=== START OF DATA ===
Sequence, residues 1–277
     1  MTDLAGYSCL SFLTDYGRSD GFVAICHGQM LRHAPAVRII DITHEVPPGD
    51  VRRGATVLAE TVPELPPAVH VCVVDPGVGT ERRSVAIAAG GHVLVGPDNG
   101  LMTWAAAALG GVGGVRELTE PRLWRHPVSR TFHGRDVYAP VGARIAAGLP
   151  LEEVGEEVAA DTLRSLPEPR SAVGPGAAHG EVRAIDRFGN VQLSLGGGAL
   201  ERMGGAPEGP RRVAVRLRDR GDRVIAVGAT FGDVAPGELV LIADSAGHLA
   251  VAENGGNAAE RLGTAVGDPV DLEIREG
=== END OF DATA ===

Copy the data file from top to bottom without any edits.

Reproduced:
Sequence, residues 1–277
     1  MTDLAGYSCL SFLTDYGRSD GFVAICHGQM LRHAPAVRII DITHEVPPGD
    51  VRRGATVLAE TVPELPPAVH VCVVDPGVGT ERRSVAIAAG GHVLVGPDNG
   101  LMTWAAAALG GVGGVRELTE PRLWRHPVSR TFHGRDVYAP VGARIAAGLP
   151  LEEVGEEVAA DTLRSLPEPR SAVGPGAAHG EVRAIDRFGN VQLSLGGGAL
   201  ERMGGAPEGP RRVAVRLRDR GDRVIAVGAT FGDVAPGELV LIADSAGHLA
   251  VAENGGNAAE RLGTAVGDPV DLEIREG